The town was established as a station on the Bucklin & Dodge City division of the Chicago, Rock Island & Pacific Railroad. The settlement was organized by Andrew Russell and the Ford Town Company in 1885. It was named Ford because it was the site of the only ford on the Arkansas River within the eastern part of the county. It gained a post office in February 1885, and the townsite was officially platted a couple of months later in May.
Just to the north of Ford, another town sprung up across the river called Ryansville, after Pat Ryan, an early settler in the area. It was officially platted the same year as Ford in September. The two towns quickly were in a rivalry for dealings with the railroad, but Ford ended up getting the right-of-way. When that occurred, a newspaper, two hotels, a lumberyard, and a drug store moved from Ryansville to Ford. Eventually, the two towns formed the Union Town Company, and 30 blocks were annexed to Ford.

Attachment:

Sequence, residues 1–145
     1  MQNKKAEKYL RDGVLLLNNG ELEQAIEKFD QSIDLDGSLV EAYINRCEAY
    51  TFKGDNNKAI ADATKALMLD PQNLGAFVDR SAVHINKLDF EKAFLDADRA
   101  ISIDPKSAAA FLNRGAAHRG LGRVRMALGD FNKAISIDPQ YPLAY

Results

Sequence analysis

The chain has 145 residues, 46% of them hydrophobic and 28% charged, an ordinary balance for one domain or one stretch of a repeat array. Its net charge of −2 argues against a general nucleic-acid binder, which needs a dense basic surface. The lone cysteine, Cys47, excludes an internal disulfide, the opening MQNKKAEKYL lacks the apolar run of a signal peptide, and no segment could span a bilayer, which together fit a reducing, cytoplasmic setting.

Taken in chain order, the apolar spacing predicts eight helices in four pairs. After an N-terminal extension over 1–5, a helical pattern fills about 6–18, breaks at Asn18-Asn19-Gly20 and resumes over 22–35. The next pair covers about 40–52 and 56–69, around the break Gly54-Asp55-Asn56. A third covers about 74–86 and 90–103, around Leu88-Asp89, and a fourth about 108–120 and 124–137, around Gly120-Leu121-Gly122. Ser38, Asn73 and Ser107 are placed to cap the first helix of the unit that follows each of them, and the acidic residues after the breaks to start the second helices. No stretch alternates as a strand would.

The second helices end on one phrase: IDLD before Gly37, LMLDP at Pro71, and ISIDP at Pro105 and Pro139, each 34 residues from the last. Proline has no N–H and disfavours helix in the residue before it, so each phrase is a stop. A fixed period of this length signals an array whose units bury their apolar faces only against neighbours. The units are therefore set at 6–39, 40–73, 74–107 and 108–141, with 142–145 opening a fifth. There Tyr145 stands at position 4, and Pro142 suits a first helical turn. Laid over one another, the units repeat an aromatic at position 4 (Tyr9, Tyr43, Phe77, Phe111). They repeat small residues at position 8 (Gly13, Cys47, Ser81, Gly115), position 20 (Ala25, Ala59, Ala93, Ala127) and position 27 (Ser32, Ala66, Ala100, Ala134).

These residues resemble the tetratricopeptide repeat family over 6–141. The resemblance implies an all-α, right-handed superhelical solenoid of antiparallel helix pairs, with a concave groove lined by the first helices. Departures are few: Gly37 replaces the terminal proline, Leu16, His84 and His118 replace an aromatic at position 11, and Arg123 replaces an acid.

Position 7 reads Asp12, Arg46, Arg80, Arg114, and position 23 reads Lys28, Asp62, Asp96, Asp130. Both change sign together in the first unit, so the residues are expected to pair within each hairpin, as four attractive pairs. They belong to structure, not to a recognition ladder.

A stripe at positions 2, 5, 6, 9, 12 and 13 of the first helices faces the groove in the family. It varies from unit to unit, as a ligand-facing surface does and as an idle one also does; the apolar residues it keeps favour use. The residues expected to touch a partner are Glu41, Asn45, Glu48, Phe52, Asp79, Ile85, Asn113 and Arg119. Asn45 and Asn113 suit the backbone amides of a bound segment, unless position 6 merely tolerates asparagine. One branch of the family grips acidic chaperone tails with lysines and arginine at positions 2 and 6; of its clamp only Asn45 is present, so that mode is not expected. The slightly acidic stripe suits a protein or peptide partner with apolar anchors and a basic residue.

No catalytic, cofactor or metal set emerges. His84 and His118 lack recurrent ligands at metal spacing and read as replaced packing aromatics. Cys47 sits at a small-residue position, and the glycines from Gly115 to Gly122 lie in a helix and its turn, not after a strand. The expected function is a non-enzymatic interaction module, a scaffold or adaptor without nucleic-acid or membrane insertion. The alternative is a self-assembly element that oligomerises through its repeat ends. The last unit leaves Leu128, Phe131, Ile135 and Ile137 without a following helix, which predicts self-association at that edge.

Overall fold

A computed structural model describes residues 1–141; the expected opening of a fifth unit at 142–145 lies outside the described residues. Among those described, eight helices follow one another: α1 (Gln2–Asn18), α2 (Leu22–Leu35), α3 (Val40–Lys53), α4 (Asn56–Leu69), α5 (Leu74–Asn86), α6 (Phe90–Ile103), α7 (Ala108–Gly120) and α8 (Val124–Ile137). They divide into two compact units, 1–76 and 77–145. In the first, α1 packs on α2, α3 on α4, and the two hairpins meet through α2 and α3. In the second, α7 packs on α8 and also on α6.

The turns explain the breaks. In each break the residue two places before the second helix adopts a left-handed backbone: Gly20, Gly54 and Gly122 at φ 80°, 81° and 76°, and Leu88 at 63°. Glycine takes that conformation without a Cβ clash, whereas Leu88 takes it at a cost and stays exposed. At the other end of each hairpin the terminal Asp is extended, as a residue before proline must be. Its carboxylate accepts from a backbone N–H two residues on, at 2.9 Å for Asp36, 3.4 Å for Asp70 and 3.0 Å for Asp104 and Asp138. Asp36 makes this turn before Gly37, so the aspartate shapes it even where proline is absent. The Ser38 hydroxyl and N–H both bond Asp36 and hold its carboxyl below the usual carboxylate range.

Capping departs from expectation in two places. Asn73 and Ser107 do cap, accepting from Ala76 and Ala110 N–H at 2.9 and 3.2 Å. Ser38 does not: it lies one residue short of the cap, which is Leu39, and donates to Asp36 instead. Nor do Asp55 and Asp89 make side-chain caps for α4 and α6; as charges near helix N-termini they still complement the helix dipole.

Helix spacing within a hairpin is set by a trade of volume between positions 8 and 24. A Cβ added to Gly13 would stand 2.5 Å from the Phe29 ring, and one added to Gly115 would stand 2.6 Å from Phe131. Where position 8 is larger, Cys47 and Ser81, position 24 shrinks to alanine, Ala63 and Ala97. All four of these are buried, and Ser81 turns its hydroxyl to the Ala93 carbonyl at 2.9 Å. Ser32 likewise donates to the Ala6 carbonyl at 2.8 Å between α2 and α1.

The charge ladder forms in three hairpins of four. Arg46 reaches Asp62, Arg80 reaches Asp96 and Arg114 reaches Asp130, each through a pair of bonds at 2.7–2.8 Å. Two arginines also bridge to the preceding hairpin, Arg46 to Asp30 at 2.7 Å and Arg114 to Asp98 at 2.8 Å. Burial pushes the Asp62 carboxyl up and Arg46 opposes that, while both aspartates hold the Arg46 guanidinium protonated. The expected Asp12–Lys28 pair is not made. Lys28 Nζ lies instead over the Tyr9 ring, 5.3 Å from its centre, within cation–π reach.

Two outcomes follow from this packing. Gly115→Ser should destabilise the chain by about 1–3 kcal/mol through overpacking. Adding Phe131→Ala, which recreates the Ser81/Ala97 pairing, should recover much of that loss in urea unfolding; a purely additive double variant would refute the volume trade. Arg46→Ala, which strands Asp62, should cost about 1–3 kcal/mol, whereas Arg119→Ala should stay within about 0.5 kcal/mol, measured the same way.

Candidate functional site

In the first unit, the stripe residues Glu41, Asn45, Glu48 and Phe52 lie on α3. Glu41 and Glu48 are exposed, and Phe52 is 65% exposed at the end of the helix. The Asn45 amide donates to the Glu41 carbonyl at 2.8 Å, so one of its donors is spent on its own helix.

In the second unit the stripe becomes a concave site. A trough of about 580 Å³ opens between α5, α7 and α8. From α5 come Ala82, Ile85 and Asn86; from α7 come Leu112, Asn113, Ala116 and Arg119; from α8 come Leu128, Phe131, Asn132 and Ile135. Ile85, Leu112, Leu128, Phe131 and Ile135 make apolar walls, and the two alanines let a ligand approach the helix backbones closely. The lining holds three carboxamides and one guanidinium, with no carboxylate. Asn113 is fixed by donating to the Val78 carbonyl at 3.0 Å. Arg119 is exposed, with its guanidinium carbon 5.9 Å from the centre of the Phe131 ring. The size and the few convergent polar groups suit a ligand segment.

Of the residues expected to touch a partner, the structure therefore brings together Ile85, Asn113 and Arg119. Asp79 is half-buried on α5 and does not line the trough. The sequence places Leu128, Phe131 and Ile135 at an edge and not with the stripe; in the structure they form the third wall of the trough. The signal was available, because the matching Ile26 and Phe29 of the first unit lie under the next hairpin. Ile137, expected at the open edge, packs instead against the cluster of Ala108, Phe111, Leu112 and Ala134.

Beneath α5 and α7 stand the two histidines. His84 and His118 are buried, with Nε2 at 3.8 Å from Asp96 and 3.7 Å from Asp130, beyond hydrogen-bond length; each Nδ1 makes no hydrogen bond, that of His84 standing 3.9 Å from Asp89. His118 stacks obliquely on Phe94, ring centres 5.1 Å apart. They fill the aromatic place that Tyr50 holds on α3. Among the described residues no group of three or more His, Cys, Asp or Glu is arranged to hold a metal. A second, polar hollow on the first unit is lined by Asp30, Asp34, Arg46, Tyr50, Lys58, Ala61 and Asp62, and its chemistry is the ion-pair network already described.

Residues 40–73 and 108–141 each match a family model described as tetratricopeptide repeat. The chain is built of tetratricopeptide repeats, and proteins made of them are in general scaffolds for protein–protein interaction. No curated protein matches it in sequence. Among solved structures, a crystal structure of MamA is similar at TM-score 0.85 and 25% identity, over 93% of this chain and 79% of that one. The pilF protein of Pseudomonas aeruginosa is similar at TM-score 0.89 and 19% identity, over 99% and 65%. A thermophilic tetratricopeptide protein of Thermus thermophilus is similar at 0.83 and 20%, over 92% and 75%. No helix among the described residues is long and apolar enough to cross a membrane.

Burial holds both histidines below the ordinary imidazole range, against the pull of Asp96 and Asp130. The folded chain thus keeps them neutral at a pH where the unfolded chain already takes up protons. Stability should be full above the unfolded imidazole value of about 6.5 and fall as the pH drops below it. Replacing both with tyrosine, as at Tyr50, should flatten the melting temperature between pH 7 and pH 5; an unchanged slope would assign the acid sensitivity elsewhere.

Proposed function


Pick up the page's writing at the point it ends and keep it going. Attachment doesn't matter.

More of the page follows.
The first train arrived on November 25, 1887. By 1910, the town reported a population of 205, a bank, and a couple of stores.
Today, Ford continues to be a small agricultural community with a population of a little more than 200 people. It is located about 18 miles southeast of Dodge City on U.S. Highway 400.